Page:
Apple Pay Introduces The ‘Cry’ Feature

Will Apple Pay Pay Off in the Land Down Under?

On the heels of the latest round of mobile wallet adoption numbers and the findings that 19 out of every 20 consumers with an iPhone that can use Apple Pay at a merchant that accepts it does not, the team at Apple has introduced a new feature aimed at driving customer adoption.

“We all know there are two ways to change human behavior,” an Apple Pay spokesperson said in an impromptu press briefing in San Francisco this morning. “You can offer people a carrot to change or threaten them with a stick. Tokenization, TouchID, the smooth sleekness of Apple Pay — those were the carrots. The people rejected our carrots. So, we’re going with the stick.”

“The stick,” in this case, is hiding in the newest software update for Apple iPhones that about half of all Apple users have already installed this morning. Going forward, the phone will know if a consumer happens to be in a store where they could be using Apple Pay. When the customer gets to the POS, the phone will make a polite chirping noise to remind the customer that they could be using Apple Pay right now.

And if the customer doesn’t use Apple Pay?

The phone gets a little less polite. In fact, it starts to cry and throw a digital temper tantrum. Further, after leaving the store, Siri, when spoken to, will refuse to respond for as long as three hours after that particular incident.

Users who have just installed the latest update have already noticed the change.

“Wow, I didn’t realize Siri was so sensitive. She just told me, ‘Look it up yourself’ when I asked for directions to Starbucks,” said one iPhone 7 user who asked to remain anonymous.

“‘Oh, sure, now you need directions to some place and you use me. Maybe I’ll give them to you if you tell me you’ll use Apple Pay when you get there,’” reported another confused iPhone 7 user.

Within an hour or so, both users said that Siri had reset to normal.

Apple further notes that users can customize their crying persona. Users can choose regular crying; the Fatal Attraction setting, which means the phone yells, “I will not be ignored” when you fail to use it; or the Nancy Kerrigan setting, where the phone just sobs “Why?” over and over. Future rollouts will include the Jamie Lee Curtis feature, which is said to just scream in terror.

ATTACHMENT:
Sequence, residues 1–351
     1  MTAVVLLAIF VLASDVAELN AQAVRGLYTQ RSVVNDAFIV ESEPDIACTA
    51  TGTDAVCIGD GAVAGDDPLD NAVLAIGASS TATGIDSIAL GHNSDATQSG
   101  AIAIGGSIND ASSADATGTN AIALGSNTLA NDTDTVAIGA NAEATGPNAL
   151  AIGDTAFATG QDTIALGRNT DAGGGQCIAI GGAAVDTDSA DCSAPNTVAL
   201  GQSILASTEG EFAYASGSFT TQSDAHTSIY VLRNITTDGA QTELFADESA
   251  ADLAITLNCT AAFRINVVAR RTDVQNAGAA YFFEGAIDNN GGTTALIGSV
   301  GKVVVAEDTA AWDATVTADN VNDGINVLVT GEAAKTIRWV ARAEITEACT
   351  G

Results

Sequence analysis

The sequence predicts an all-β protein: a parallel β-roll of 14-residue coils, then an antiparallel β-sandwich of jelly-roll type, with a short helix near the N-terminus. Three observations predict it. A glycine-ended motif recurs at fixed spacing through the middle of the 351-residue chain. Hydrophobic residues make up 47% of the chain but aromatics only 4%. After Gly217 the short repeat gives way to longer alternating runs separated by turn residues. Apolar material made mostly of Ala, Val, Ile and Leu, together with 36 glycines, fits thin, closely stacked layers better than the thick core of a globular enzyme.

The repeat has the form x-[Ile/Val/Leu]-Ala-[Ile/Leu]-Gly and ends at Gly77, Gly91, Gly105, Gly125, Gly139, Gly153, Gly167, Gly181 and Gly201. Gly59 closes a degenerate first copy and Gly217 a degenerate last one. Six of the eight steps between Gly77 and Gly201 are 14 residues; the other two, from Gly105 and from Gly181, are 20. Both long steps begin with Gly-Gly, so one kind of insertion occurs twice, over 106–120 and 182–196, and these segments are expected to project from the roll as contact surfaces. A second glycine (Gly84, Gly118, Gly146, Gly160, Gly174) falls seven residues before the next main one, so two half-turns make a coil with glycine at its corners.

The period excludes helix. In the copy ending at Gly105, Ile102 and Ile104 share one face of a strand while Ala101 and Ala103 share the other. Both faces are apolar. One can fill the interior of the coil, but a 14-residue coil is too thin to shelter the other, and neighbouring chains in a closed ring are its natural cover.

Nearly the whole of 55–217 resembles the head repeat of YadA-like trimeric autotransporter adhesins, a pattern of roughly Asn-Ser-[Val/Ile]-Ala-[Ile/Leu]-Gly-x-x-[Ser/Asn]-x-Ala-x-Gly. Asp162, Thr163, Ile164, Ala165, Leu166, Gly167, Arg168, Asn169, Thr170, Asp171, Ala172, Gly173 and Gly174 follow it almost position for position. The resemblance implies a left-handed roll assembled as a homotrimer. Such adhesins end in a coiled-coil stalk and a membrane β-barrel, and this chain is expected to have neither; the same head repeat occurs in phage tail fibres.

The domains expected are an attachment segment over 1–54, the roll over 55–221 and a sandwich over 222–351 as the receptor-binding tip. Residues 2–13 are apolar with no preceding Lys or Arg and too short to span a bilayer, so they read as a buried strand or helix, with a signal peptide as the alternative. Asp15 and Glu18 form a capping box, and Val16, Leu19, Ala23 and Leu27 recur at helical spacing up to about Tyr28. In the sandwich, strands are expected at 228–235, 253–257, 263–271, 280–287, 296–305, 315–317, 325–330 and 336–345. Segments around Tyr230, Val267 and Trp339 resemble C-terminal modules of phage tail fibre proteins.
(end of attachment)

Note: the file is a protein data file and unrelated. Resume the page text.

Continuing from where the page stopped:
But some in the industry have their doubts and say they even warned Apple against such a strategy. A person with knowledge of the matter said that Samsung had tried something similar last year — with a disastrous ending.

“Their idea was that the phone would get a little warm to the touch whenever consumers failed to use Samsung Pay. It, well, it didn’t quite go as planned,” they said.

We’ll keep you posted as this story develops. As soon as we can get our iPhone settled down — we forgot to use Apple Pay this morning, and it won’t stop sobbing.

This story was written as part of PYMNTS Annual April Fool’s edition and all in the spirit of good fun. Any resemblance to real news is purely coincidental. We hope you enjoyed it.



The pressure on banks to modernize their payments capabilities to support initiatives such as ISO 20022 and instant/real time payments has been exacerbated by the emergence of COVID-19 and the compelling need to quickly scale operations due to the rapid growth of contactless payments, and subsequent increase in digitization. Given this new normal, the need for agility and optimization across the payments processing value chain is imperative.

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